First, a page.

Jan. 17 (Bloomberg) -- The U.S. Securities and Exchange Commission accused a former broker at Incremental Capital LLC of insider trading in an action tied to the case of former Galleon Group LLC trader Zvi Goffer.
Eric Rogers, 31, of Oceanside, New York, then a proprietary trader at Spectrum Trading LLC, a registered broker-dealer in New York, the SEC alleged in federal court in Manhattan. In August and September 2007, Rogers traded ahead of the announcement of the corporate acquisition of 3Com Corp., using nonpublic information obtained by Brien Santarlas and Arthur Cutillo, then lawyers at the Boston-based law firm Ropes & Gray LLP, the agency said yesterday in its complaint.
The case has been settled, John Nester, a spokesman for the agency said. While terms of the settlement weren’t immediately available on the SEC’s litigation website yesterday, the accord includes Rogers not having to pay any fine and agreeing to be barred from working in the financial industry, his lawyer said.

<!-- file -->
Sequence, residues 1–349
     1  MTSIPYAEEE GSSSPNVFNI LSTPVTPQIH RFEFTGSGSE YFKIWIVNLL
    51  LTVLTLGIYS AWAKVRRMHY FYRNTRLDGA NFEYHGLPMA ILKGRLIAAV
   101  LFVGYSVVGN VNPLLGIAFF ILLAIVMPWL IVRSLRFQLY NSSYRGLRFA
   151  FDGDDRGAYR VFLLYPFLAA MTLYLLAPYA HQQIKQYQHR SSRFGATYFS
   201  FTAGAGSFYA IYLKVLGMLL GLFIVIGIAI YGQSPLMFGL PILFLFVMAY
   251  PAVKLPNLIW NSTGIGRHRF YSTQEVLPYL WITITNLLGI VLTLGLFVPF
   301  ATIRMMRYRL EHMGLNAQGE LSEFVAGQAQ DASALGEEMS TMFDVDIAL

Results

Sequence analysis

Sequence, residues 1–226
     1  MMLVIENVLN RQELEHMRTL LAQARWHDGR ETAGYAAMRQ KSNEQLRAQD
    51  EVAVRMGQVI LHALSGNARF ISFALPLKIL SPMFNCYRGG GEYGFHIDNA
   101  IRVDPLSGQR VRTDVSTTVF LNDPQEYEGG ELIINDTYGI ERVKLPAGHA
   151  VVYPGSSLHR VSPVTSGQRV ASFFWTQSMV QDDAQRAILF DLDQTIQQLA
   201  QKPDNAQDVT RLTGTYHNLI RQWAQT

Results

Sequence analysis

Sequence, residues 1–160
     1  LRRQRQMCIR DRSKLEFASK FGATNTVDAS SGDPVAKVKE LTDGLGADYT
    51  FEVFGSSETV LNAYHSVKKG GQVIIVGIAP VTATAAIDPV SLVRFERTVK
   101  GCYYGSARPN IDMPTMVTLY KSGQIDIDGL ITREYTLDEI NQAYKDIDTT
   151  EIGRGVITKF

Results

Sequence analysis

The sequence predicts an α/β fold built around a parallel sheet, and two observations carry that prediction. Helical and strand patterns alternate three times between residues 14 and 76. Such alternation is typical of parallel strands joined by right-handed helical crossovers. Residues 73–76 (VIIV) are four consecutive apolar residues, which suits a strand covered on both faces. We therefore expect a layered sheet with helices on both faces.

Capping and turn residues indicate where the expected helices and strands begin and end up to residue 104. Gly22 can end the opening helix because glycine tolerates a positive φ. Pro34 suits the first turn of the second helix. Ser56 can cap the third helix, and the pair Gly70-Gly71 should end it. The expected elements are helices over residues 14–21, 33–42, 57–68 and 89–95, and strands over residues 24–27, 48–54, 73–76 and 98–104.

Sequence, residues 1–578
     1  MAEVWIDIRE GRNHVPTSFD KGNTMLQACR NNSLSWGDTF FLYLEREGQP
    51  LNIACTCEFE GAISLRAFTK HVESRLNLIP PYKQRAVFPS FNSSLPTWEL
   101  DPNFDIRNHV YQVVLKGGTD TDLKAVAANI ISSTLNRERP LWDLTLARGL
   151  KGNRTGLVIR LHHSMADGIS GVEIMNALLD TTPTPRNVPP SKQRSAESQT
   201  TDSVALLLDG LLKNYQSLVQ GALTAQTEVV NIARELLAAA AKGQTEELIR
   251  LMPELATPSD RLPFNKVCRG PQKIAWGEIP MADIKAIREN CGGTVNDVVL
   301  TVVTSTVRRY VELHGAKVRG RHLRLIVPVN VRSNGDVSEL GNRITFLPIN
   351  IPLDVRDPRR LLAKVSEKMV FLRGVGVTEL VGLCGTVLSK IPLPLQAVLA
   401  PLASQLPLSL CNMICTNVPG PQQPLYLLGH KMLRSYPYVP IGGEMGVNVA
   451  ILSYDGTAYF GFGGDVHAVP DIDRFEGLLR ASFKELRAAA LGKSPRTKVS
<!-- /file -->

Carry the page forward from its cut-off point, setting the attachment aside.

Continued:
“We have resolved this case on the grounds that Mr. Rogers has no money and is no longer working on Wall Street,” Joseph Ryan, a lawyer for Rogers, said in a telephone interview.
In exchange for kickbacks, Cutillo and Santarlas passed the information that affiliates of Bain Capital Partners LLC would acquire 3Com, the SEC alleged. Using Cutillo’s college roommate, Jason Goldfarb, as a conduit, the two lawyers passed the tip to Zvi Goffer, a former proprietary trader at Schottenfeld who then passed the tips to his brother Emanuel, Rogers and others, the SEC said.
Rogers allegedly purchased shares of 3Com in August and September 2007, earning illicit profit of almost $207,000, the SEC said.
Zvi Goffer, 35, later founded Incremental Capital after he was fired from Galleon, his lawyer told jurors at his 2011 trial. While the SEC alleges that the insider-trading occurred while Rogers was at Spectrum, records for the Financial Industry Regulatory Authority indicate that Rogers worked at Incremental between August and November 2009.
Zvi Goffer and his brother, Emanuel, were convicted of federal insider-trading charges along with Michael Kimelman the co-founder of Incremental Capital, in a 2011 trial in federal court in New York. The Goffers and Kimelman were sentenced to prison. Santarlas, Goldfarb and Cutillo all pleaded guilty and were sentenced to prison.
The case is U.S. v. Rogers, 1:13-cv-00374, Southern District of New York (Manhattan).
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